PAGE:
Nisi per Spiritum sanctum—The Holy Spirit and the Confession of Faith

in Journal of Reformed Theology
Restricted Access
Get Access to Full Text
Rent on DeepDyve

Have an Access Token?



Enter your access token to activate and access content online.

Please login and go to your personal user account to enter your access token.



Help

Have Institutional Access?



Access content through your institution. Any other coaching guidance?



Connect

The confession of faith in the lordship of Jesus Christ may be considered the originary practice of the Christian life. As such it recommends itself as a primary site at which to investigate the relation between the agency of the Holy Spirit and human activity. Focusing on 1Cor. 12:1–3, which identifies the act of the Spirit as the sine qua non of Christian confession, we examine its importance within the theological setting of Paul’s apocalyptic gospel in order to illumine classical Reformed debates about the nature of faith and ‘effectual calling’ in relation to the act of publicly confessing faith in Christ. Recognition of the Spirit as the present power of God’s eschatological reign, militant to shape reality, to win and secure faith, and to move women and men to a free creaturely acknowledgment of the same, proves essential to understanding the act of confessing the faith.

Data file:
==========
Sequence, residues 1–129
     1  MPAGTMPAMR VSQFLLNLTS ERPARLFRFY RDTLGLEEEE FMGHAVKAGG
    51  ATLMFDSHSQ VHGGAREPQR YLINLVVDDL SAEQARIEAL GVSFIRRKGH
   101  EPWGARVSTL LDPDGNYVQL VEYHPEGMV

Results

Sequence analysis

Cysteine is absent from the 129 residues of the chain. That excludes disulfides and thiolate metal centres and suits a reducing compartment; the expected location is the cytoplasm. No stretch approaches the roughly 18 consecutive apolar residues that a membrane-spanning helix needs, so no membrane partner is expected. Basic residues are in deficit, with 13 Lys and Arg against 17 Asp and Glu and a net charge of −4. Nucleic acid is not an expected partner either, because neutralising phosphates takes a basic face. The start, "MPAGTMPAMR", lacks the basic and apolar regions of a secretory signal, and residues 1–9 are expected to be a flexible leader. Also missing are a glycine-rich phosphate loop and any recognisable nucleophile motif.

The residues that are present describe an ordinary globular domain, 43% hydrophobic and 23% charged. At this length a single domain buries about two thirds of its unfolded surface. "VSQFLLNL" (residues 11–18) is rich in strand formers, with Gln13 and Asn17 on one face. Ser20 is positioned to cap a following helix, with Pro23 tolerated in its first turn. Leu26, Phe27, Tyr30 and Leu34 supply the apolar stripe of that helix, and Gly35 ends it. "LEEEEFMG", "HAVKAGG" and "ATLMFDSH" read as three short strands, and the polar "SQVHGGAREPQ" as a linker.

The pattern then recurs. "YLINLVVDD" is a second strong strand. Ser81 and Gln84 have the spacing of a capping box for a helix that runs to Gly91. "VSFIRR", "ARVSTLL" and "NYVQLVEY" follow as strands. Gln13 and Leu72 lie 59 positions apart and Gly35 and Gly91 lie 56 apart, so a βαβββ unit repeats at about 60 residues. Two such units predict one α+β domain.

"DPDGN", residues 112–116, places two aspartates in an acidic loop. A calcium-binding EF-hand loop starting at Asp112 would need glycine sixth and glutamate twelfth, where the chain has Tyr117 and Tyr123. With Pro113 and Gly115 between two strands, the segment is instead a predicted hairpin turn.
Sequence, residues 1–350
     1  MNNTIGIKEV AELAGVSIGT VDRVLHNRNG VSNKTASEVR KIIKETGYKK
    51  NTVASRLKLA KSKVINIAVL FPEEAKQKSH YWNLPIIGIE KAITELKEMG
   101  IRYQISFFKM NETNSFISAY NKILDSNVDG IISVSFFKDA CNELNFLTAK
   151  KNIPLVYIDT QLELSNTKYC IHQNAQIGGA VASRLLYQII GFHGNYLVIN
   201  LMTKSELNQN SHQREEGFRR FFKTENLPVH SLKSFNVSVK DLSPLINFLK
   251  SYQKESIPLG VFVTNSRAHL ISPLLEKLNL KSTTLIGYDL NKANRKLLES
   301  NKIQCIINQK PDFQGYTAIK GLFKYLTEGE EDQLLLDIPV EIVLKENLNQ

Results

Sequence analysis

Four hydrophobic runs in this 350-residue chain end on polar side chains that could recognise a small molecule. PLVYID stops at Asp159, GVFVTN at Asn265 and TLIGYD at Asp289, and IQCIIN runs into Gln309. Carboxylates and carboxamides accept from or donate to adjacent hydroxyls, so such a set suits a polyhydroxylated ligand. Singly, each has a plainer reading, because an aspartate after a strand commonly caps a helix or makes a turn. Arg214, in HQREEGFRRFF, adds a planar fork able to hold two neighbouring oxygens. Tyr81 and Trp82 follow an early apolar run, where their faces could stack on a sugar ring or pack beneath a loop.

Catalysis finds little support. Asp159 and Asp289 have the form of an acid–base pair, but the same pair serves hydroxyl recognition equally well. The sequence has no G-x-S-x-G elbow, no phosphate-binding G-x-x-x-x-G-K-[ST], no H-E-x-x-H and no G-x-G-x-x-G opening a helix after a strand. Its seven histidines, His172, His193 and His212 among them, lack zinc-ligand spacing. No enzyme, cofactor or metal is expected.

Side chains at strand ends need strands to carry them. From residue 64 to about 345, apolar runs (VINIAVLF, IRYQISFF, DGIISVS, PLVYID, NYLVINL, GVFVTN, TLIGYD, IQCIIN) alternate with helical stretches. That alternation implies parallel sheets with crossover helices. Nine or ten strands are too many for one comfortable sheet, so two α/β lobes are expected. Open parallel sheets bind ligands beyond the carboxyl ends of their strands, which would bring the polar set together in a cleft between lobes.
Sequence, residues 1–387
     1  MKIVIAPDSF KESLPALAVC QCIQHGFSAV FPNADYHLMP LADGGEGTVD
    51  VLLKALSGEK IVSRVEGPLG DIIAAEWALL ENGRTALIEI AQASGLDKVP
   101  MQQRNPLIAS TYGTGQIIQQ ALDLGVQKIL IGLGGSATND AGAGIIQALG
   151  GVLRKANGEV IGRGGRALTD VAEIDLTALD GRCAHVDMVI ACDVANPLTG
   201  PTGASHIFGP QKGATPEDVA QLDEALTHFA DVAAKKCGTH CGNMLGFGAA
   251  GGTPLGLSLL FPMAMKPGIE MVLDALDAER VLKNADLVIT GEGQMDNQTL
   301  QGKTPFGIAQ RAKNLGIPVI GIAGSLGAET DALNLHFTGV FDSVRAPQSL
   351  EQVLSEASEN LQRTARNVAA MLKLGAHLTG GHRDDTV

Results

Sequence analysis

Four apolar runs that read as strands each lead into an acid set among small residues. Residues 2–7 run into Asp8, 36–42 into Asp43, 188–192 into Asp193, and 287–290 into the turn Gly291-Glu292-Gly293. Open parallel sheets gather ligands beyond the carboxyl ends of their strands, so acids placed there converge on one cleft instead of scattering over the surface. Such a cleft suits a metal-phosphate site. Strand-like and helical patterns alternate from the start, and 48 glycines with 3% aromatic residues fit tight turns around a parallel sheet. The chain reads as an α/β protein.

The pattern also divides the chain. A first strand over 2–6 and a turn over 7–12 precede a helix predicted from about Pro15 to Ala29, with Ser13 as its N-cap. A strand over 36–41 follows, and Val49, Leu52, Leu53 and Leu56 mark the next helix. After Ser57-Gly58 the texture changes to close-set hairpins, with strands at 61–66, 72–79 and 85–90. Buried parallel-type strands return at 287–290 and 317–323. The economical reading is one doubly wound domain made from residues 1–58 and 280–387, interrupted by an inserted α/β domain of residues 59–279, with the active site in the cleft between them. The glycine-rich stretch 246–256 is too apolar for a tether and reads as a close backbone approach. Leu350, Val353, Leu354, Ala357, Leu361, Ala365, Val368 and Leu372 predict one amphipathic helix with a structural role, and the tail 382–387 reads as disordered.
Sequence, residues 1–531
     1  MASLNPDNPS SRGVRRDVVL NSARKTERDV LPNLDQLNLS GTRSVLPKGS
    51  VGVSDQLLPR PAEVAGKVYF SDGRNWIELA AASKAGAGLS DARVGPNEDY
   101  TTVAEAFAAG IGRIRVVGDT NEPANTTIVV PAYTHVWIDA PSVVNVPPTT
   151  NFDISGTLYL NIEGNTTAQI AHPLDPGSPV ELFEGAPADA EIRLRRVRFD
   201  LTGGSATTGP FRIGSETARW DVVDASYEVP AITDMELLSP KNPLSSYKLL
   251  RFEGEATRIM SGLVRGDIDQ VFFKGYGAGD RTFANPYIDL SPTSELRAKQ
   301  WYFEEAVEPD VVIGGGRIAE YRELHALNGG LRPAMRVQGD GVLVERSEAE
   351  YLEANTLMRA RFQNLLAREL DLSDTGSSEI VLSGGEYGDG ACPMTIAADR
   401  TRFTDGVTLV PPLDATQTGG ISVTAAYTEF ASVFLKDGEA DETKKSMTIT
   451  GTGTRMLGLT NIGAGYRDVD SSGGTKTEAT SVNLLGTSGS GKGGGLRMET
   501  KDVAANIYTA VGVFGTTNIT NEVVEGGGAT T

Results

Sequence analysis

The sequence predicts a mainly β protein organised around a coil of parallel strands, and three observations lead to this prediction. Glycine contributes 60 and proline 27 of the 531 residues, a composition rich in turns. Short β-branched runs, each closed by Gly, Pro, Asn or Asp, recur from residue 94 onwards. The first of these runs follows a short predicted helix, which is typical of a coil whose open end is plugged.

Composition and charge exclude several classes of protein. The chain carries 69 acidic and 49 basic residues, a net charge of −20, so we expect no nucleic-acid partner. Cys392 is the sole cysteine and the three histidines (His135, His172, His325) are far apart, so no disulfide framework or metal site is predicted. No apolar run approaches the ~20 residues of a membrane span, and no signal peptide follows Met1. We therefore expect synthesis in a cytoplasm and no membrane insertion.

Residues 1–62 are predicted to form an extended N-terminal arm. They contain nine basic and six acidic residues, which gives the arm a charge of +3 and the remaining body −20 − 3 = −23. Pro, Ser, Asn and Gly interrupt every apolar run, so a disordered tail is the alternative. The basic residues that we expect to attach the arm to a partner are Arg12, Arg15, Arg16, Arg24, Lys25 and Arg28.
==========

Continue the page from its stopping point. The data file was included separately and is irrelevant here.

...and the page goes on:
Sections

References

1

See H.-J. Kraus, Systematische Theologie (Neukirchener: Neukirchener Verlag, 1983), §§180–187, pp. 451–469.

8

Richard Hays, First Corinthians (Louisville: John Knox, 1997), p. 208.

10

See V.H. Neufeld, The Earliest Christian Confessions (Leiden: E.J. Brill, 1963), pp. 53, 60. Cf. Eph. 1:15, Rom 16; 2Cor. 3:17–18.

13

See Thistleton, pp. 924, 927.

14

V.H. Neufeld, The Earliest Christian Confessions, pp. 61, 63, 64, 68, 146.; Cf. O. Cullmann, The Earliest Christian Confessions, translated by J.K.S. Reid (London: Lutterworth, 1949), pp. 22–24.

23

H. Heppe, Reformed Dogmatics, p. 517 citing J.H. Heidegger.

25

See. G.C. Berkouwer, Faith and Sanctification (Grand Rapids: Eerdmans, 1952), pp. 42–44. On the problem of this separation, see H. Berkhof, The Christian Faith, pp. 441–442. Witius speaks of the word being “fecundated by the transcendent power of the Spirit”—H. Heppe, Reformed Dogmatics, p. 518.

29

H. Heppe, Reformed Dogmatics, pp. 518–519 citing Witius.

Information

Content Metrics

Content Metrics

All Time Past Year Past 30 Days
Abstract Views 6 6 5
Full Text Views 6 6 6
PDF Downloads 1 1 1
EPUB Downloads 0 0 0